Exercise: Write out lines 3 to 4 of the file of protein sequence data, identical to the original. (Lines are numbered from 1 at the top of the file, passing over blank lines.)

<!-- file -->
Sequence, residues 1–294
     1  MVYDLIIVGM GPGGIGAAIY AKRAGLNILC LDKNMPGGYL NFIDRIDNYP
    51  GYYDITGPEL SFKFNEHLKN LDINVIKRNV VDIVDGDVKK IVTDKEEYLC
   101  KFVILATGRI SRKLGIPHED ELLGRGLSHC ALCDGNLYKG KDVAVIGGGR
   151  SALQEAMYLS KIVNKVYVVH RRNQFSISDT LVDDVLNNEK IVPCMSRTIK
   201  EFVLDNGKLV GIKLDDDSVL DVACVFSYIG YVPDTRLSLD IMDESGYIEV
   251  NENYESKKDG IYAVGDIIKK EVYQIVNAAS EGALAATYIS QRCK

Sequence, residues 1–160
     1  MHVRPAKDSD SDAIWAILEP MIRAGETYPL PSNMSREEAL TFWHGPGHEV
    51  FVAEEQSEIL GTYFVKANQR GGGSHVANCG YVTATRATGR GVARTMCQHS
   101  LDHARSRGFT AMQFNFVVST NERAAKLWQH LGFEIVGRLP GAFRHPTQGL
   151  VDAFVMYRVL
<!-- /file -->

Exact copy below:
    51  GYYDITGPEL SFKFNEHLKN LDINVIKRNV VDIVDGDVKK IVTDKEEYLC
   101  KFVILATGRI SRKLGIPHED ELLGRGLSHC ALCDGNLYKG KDVAVIGGGR